Controversies over domestic issues such as health care reform have dominated the headlines, overwhelming the news that President Obama will make his first speech to the General Assembly of the United Nations next week and take the unprecedented step of presiding at a meeting of the U.N. Security Council.
Speaking on Tuesday, John R. Bolton, former U.S. ambassador to the U.N. under George W. Bush, said that the Obama administration has been a “bystander” when it comes to foreign policy so far.
“The focus is so expansive on domestic issues that the attention span for foreign policy and international security is just not there,” Bolton said.
Next week provides an opportunity for Obama to diversify his focus. Noting that the rest of the world is relatively unconcerned with the details of health care reform in the U.S., Bolton said the reality is that the U.N. “really has very little to do with some of the hardest issues that we face.”
In a panel discussion Tuesday at the National Press Club in Washington, D.C., Bolton, Heritage Foundation research fellow Brett D. Schaefer and David R. Rivkin Jr. from the global law firm Baker & Hostetler made predictions about Obama’s speech and reception at the General Assembly, which begins September 23 in New York. “I think it’s fair to say that the reception that President Obama will receive in the General Assembly will be nothing short of rapturous,” Bolton said.
“He’s going to get a standing ovation,” Schaefer predicted.
The panel event also promoted the book ConUNdrum: The Limits of the United Nations and the Search for Alternatives, a book of 10 essays edited by Schaefer with a foreword by Bolton. The book looks at the U.N. “warts and all, recognizing what could be useful, pursuing it in that area, but also recognizing the many problems and fighting hard to address them,” Schaefer said. “The point of ConUNdrum is to say: don’t be fixated on the … United Nations. Be flexible. Multilateralism and the U.N. are not synonymous.”
Schaefer characterized the Obama administration as hopeful and willing “to believe that the United Nations can be effective,” due to what he believes is a mistaken impression that the Bush administration’s policies were the source of the adversarial relationship between the U.S. and the U.N. “There’s going to be a process of disillusionment with the organization as the reality comes to the fore,” he said. “I think that they’re going to learn very quickly that simply not mentioning the problems of the U.N. … isn’t going to lessen the criticism of U.S. policies, isn’t going to lessen criticism of the United States in general. It isn’t going to lead these other countries to abandon their more controversial agendas.”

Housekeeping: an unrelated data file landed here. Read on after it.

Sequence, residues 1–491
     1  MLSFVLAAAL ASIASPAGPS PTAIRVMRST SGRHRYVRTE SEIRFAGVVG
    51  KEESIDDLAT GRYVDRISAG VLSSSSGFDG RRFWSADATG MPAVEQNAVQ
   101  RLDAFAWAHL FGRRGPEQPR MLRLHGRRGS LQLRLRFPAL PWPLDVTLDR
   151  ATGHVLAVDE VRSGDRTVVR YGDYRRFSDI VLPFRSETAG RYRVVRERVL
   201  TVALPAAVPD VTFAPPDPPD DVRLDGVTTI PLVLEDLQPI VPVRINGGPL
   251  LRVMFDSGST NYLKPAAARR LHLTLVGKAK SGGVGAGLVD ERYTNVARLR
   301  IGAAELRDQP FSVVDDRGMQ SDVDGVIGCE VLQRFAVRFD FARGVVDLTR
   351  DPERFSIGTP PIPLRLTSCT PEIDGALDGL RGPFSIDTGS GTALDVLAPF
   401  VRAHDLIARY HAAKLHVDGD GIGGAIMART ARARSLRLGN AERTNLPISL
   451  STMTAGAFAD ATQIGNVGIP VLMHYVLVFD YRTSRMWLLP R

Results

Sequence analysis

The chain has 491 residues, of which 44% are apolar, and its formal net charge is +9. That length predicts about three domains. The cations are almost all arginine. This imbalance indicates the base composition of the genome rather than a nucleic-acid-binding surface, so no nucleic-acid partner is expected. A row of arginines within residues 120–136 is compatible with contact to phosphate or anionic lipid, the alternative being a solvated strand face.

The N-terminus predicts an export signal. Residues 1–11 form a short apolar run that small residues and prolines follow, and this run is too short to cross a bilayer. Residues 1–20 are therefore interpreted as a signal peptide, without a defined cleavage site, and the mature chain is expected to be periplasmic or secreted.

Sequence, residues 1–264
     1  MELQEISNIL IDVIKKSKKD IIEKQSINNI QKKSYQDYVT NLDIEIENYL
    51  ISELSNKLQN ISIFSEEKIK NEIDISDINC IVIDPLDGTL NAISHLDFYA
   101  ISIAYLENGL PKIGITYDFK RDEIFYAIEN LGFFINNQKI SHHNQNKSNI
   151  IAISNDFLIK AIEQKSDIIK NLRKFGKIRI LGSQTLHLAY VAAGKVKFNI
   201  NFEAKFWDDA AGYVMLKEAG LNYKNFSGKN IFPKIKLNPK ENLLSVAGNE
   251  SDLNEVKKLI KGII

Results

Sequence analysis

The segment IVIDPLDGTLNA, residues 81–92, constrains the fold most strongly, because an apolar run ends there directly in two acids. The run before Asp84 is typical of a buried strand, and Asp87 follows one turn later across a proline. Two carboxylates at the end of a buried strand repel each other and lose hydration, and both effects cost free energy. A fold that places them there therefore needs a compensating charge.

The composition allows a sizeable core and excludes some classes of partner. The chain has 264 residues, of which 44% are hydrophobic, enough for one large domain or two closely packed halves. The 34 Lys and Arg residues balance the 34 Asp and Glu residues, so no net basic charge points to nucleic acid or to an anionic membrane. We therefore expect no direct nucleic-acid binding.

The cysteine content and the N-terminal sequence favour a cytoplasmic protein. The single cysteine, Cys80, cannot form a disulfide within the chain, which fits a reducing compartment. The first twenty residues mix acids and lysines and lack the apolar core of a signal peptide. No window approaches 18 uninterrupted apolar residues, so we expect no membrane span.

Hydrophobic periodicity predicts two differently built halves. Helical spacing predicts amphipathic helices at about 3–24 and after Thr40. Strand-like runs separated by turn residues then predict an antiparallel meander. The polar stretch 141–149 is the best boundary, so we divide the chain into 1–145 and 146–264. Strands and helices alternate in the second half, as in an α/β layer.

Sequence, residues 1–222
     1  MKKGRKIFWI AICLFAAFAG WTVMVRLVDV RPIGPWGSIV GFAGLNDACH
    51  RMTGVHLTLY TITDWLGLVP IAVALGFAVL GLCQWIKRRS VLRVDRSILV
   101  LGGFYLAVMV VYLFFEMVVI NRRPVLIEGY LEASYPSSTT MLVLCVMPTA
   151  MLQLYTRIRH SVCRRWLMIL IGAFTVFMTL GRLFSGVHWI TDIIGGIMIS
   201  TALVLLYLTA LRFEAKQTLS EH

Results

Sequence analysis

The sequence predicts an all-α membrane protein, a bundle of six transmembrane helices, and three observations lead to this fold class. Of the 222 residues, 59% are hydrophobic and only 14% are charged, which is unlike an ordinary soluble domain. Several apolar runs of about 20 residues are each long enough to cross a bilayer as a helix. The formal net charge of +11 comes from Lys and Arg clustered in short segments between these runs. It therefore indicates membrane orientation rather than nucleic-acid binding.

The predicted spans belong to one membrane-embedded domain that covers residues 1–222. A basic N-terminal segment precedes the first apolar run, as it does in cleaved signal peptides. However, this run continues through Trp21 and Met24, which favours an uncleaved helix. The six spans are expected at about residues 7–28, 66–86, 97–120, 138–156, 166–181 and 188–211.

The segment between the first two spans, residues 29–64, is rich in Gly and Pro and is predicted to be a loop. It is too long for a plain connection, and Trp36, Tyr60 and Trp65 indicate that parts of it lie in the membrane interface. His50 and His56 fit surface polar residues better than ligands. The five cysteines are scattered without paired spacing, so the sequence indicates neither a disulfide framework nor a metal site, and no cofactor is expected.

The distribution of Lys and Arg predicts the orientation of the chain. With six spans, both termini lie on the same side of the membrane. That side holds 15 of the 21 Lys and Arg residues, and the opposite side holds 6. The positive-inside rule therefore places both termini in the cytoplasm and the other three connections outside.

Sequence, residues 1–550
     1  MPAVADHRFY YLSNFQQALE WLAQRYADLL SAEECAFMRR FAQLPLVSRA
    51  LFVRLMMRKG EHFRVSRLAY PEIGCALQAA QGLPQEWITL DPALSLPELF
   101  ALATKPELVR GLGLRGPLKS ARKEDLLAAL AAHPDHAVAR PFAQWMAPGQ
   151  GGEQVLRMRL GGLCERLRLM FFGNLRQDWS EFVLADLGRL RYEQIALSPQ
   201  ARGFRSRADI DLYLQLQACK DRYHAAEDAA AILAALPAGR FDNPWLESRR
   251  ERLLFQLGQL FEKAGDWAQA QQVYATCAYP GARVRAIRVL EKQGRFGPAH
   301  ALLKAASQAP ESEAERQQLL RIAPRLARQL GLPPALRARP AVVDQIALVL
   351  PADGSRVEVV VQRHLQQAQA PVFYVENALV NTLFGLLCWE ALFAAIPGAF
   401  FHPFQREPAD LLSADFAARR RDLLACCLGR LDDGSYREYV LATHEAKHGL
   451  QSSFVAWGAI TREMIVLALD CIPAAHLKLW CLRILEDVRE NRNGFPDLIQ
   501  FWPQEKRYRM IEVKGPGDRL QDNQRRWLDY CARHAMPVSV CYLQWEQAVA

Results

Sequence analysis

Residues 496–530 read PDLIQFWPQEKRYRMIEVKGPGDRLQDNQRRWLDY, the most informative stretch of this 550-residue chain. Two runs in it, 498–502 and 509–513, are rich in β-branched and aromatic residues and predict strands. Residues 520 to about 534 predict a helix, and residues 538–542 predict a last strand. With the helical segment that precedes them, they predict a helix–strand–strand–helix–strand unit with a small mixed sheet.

Obama has been named chair of the Security Council for September, and nuclear non-proliferation and nuclear disarmament are expected to be important topics. Referring to the draft resolution distributed to the other members of the Council last week, Bolton said, “There’s a real problem, frankly, in the linkage that they very casually put forward on non-proliferation and disarmament, as if they’re all part of the same problem.” Bolton reiterated his previous statements regarding the ineffectiveness of sanctions, identifying Iran and North Korea as the two major problems when it comes to nuclear proliferation. He said that “whatever momentum there was for additional sanctions on Iran … has now disappeared.”
The members of the panel emphasized the conflict between the idealism the U.N. was founded on and the practical reality of its flaws. However, Bolton said, ultimately the Obama administration is “still in the expression of faith mode, and that’s what you’re going to hear next week.”